It is, however, a steep climb for Indo, because according to research, Icelanders, for example, are three times more likely to divorce their spouse than to change banks. Icelanders seem exceptionally conservative when it comes to this, but in comparison, Swedes are four times more likely to change banks than Icelanders.

Despite this, Haukur is very optimistic: “Various surveys have been conducted recently and there are all indications that consumers are very positive and open to new entrants to the banking market.”

He believes that Indo then has various advantages over the big banks in both internal operations and customer service.

In recent years, there has been a very clear development among the large banks in the direction of transferring their operations to electronic form. The number of branches, cashiers, and other employees of the banks is declining rapidly, and apps and online banks are taking over their role. However, this seems to be a development that the banks are taking in a few steps and is even only halfway there.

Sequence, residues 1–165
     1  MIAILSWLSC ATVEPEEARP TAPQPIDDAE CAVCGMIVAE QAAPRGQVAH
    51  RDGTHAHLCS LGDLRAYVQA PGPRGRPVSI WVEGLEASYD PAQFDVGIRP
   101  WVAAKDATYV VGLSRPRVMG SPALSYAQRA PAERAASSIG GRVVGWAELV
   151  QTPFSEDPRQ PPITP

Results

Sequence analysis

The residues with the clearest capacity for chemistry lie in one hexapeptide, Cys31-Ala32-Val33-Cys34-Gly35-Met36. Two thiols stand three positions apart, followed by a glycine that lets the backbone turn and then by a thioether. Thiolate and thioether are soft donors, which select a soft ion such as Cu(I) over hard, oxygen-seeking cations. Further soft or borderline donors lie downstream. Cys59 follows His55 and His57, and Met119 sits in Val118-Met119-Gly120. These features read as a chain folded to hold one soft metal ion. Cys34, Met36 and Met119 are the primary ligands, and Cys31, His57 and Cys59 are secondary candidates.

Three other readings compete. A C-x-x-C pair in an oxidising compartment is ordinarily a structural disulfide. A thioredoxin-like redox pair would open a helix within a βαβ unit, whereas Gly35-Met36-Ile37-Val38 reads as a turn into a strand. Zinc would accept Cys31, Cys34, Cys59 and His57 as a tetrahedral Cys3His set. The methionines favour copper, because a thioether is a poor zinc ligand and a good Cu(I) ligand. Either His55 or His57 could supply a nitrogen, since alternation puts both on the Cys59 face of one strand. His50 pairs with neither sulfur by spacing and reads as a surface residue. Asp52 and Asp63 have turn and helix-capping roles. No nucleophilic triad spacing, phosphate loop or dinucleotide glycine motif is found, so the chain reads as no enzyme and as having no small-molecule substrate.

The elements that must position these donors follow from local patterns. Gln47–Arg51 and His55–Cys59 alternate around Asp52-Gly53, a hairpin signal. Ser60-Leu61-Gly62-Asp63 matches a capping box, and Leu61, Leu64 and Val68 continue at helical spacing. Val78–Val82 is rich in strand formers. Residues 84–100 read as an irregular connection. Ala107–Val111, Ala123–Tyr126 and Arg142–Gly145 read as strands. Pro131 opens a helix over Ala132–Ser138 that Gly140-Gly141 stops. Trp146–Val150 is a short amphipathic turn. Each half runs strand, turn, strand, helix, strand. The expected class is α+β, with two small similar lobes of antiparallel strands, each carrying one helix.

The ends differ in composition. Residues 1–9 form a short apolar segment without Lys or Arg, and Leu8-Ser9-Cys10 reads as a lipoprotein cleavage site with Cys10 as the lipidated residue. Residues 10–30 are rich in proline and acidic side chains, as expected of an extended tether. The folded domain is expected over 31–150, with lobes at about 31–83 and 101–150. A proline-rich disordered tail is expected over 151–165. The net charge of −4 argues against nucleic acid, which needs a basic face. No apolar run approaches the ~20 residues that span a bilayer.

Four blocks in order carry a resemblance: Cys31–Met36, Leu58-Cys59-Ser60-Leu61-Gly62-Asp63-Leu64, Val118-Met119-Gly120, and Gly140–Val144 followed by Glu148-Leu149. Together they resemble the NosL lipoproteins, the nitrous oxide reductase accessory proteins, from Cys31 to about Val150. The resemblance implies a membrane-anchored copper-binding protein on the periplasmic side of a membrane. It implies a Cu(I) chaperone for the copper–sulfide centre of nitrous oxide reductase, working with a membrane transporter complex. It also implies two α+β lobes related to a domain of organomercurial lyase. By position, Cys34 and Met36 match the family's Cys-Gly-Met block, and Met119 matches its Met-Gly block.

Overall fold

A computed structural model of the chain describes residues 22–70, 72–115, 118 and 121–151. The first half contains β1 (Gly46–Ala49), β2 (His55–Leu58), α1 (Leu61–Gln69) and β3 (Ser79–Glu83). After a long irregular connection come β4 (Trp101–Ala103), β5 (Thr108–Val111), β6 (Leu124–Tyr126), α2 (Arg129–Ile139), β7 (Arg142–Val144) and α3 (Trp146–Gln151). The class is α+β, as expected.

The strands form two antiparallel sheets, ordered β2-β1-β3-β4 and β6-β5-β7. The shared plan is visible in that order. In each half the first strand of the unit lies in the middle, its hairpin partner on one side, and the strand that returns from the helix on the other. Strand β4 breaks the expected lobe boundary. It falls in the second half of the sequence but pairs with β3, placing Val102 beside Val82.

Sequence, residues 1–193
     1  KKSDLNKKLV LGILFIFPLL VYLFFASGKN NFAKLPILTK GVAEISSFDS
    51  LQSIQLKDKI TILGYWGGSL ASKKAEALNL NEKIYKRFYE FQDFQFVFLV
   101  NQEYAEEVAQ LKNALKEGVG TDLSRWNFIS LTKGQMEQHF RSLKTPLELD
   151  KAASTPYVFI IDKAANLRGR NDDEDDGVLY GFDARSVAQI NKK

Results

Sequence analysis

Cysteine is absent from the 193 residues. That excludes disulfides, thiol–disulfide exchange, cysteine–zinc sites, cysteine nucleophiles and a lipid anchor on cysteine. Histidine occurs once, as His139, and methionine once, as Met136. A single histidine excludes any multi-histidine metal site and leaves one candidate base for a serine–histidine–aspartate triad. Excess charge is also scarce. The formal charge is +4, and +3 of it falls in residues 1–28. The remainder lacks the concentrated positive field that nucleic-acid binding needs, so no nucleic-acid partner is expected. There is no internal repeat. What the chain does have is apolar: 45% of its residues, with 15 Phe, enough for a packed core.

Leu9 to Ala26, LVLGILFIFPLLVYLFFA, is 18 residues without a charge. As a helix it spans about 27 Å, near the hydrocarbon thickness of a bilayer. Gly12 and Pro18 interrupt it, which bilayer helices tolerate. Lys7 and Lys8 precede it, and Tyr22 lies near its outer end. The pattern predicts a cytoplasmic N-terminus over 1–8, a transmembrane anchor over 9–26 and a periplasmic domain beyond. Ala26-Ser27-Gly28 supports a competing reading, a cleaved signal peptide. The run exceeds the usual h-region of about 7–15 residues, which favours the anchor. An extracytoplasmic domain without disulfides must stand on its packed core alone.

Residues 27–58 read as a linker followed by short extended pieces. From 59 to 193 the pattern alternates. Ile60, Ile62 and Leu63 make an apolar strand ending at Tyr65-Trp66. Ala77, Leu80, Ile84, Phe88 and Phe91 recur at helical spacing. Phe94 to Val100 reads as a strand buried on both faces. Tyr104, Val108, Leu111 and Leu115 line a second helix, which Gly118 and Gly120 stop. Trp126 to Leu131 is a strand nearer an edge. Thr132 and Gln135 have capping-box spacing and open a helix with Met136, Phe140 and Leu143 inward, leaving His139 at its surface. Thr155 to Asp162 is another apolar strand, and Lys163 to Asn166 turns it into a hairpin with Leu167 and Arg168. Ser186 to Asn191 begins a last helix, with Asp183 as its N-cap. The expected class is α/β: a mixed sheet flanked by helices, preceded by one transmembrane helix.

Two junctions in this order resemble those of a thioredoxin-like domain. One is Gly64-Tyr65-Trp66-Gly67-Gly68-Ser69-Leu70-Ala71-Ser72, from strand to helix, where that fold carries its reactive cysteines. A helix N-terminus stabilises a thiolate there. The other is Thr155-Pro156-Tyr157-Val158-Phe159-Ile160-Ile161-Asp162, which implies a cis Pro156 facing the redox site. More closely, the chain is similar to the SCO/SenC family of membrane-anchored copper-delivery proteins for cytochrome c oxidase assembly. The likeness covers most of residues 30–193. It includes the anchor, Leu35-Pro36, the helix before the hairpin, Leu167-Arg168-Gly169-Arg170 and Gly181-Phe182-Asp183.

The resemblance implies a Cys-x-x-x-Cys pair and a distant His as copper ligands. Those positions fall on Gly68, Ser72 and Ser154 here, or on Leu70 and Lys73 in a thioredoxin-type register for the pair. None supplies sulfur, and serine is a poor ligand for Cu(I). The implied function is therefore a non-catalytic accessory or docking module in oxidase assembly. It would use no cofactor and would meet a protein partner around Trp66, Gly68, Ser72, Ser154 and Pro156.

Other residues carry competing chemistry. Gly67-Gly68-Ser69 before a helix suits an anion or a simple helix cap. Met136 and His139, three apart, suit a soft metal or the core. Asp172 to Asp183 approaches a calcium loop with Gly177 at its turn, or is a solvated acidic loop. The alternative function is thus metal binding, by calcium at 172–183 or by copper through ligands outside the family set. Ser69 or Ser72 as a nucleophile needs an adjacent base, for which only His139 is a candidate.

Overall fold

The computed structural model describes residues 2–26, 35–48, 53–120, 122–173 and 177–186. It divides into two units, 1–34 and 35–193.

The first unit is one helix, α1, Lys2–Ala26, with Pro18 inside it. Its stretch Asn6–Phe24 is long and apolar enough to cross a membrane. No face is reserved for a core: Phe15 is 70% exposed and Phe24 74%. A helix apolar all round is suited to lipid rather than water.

Indo takes this all the way through and will be entirely electronic. It is the weapon that the small bank thinks it can compete with the giants (along with a few others though).

Always know what to do with your money

It is obvious that the cost of the operation will be many times lower when it is not necessary to run a branch and pay a large number of employees to serve customers.

“We have had five employees with us as well as some consultants. This is a very strong team that has been involved in developing this model with us, “says Haukur.

The electronic form of operation is also convenient for customers; it becomes more efficient and accessible with a convenient in-app interface.

Haukur mentions another option that Indo will have over the other commercial banks: “You know what we do with your money.”

He explains this in more detail; Indo will not dispose of the funds that its customers deposit into the Bank’s accounts through investments, transactions or loans to other customers, but will keep all the money with the Central Bank of Iceland.